Our afternoon excursion was a short walk to the catamaran for an afternoon of sailing and snorkeling. I don't have anything against drinking, but it seemed that they were pushing alcohol (which was included), or maybe they were just being playful.

When we dropped anchor for snorkeling (an alternate site since the 1st one was going to be too murky due to the recent earthquakes, apparently), the staff was helpful with people not familiar with snorkeling and ensured that everybody was well taken care of.

We opted to dine at a local restaurant (since we weren't taking off until 11 p.m.) and were very pleased to be able to catch a cab right at the cruise port. Marandi Restaurant (about a 10 minute cab right) was a perfect place to dine outside and watch the sunset. I would have liked to spend more time in Aruba exploring other fine dining and beach options, and would go there again.

Read 1289 Aruba Reviews

We didn't plan a shore excursion at Panama, opting to stay on board and enjoy an empty ship. At Cristobal, we were greeted at the port by local musicians and artisans and purchased some terrific souvenirs . . . mostly fun jewelery made by the Panama people.

We loved the charm and cleanliness of Willemstad, and it was a five-minute walk from the cruise port. We visited the floating market (which provides produce to local residents) grabbed some great photos of local architecture, and did some shopping. We took a ride to the beach later that day and were surprised to see that the island is essentially a desert. The beach was clean and populated with locals. The tour guide was great and provide a lot of history and information about the culture of the island.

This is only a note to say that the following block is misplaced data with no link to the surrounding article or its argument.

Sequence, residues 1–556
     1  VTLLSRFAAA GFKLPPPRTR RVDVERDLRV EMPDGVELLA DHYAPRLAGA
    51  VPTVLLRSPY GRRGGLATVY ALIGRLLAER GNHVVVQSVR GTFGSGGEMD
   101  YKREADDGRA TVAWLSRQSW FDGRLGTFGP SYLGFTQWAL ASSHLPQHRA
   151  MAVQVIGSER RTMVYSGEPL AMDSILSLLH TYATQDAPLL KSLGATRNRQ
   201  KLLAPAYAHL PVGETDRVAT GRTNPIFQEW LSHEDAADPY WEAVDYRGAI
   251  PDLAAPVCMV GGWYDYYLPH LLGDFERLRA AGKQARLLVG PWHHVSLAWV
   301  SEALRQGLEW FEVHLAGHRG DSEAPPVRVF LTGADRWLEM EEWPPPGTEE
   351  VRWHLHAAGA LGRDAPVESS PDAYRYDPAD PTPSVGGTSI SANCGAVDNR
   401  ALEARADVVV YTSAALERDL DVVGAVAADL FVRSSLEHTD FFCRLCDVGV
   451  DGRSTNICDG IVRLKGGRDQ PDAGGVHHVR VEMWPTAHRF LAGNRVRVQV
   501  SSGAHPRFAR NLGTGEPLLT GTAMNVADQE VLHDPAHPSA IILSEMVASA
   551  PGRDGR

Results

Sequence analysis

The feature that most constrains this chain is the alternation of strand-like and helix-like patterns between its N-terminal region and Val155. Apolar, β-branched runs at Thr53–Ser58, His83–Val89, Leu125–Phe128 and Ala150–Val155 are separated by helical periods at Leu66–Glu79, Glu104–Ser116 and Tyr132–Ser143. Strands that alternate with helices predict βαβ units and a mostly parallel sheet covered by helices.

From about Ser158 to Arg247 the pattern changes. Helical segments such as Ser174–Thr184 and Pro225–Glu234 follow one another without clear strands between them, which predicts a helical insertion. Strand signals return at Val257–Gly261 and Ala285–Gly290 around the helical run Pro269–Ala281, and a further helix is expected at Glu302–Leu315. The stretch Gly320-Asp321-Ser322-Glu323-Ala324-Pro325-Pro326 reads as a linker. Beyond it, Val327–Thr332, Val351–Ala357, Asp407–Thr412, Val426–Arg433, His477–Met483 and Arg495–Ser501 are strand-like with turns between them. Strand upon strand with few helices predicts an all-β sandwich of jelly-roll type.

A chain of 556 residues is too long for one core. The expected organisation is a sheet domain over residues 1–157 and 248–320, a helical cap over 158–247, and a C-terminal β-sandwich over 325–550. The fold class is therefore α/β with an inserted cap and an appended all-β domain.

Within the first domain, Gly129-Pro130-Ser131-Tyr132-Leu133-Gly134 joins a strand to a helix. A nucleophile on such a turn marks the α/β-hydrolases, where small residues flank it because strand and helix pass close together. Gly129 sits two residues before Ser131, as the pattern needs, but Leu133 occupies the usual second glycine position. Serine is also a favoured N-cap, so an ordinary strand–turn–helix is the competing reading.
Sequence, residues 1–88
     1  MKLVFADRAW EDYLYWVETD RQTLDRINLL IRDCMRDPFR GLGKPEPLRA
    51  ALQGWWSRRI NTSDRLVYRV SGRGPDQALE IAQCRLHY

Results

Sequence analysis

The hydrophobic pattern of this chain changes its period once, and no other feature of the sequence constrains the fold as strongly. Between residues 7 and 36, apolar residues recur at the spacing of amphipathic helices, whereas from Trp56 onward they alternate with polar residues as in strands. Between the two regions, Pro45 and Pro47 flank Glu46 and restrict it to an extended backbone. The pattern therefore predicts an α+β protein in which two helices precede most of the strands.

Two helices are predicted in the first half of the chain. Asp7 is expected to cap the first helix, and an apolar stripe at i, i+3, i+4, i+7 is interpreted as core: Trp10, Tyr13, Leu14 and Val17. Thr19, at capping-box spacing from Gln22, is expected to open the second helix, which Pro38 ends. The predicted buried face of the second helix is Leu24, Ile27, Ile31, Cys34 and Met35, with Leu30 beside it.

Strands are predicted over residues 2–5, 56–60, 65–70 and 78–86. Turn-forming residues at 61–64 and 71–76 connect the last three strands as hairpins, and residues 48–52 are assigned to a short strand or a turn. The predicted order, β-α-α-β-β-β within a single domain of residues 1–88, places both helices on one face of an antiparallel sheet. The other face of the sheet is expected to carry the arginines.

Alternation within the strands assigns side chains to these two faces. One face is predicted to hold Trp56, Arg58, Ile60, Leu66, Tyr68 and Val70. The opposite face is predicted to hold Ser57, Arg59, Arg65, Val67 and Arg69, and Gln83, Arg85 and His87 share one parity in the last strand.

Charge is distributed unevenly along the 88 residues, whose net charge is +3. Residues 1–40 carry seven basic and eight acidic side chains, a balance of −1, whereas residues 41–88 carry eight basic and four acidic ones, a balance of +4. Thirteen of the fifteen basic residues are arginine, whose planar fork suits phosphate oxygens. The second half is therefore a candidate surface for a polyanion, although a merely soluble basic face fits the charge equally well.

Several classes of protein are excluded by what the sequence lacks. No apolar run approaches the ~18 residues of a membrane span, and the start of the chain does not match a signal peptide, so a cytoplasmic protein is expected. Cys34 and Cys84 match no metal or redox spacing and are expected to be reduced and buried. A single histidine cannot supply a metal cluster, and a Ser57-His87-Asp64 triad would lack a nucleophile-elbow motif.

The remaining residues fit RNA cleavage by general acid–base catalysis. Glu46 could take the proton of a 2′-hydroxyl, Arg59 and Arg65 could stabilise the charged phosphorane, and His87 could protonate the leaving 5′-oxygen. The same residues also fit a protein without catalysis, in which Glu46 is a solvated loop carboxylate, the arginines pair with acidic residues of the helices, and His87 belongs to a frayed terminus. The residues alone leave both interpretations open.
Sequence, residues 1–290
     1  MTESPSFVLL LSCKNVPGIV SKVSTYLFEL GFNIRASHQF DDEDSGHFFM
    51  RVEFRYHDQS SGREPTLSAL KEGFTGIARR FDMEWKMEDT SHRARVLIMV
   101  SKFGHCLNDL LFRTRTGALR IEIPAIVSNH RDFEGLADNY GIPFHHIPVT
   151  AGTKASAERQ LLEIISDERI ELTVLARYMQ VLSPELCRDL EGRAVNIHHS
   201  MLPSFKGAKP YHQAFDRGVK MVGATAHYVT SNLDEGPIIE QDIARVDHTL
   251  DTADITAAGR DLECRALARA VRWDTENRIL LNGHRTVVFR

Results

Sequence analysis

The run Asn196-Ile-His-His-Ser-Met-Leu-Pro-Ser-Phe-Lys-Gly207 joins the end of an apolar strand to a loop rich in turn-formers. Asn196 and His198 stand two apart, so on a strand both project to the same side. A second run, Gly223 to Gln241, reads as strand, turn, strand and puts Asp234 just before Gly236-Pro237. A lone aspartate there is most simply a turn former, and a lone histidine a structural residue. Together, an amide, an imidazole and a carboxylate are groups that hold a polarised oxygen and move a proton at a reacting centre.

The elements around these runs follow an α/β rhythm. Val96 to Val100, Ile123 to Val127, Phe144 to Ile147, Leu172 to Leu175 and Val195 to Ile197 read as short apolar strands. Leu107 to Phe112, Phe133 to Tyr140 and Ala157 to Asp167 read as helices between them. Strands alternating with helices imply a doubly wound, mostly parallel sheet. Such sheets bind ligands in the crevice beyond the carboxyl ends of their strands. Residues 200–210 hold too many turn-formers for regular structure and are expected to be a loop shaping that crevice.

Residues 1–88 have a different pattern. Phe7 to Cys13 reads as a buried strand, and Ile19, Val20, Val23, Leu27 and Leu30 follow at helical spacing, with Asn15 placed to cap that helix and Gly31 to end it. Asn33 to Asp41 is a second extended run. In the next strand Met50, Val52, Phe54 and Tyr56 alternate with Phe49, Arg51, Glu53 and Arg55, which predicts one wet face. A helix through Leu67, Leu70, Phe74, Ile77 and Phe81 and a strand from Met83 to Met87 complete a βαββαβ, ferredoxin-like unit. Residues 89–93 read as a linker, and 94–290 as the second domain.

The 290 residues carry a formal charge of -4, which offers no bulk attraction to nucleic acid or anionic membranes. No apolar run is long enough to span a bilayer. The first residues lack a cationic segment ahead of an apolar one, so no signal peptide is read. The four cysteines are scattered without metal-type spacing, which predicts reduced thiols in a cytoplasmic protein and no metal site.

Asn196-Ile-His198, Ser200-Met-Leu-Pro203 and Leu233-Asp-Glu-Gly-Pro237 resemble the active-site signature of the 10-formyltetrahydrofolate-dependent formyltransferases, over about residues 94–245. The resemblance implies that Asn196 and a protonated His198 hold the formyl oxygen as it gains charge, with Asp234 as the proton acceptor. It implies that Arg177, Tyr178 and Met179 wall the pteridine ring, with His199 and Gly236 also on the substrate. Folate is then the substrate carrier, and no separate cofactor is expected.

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Since we had never ridden on an everglades air boat, it was a good way to kill time before our 3 p.m. flight back home. As always, the tour guides did a great job telling people about the history of Fort Lauderdale and the Everglades, and even though I've visited the city many times, learned a lot.

I was most impacted by the living conditions in Puerto Limon, and it was a far cry from the travel brochures boasting about the five-start resorts, which are apparently on the Pacific Ocean side of this island. However, it was still wonderful to see Costa Rica, and I had scheduled horseback riding through the rain forest. Once again, the tour guide hired by Holland America went out of his way to ensure that we got a glimpse of Costa Rican culture and history, and made several unscheduled stops to point out cocoa trees, banana plantations, and other points of interest. The guides at the ranch were capable and ensured that everybody was fitted for a horse suitable for their comfort in riding. Most striking to me about this island is the number of dogs. They are napping in front of houses EVERYWHERE (since I didn't see a lot of front doors, I think that's the dog's job).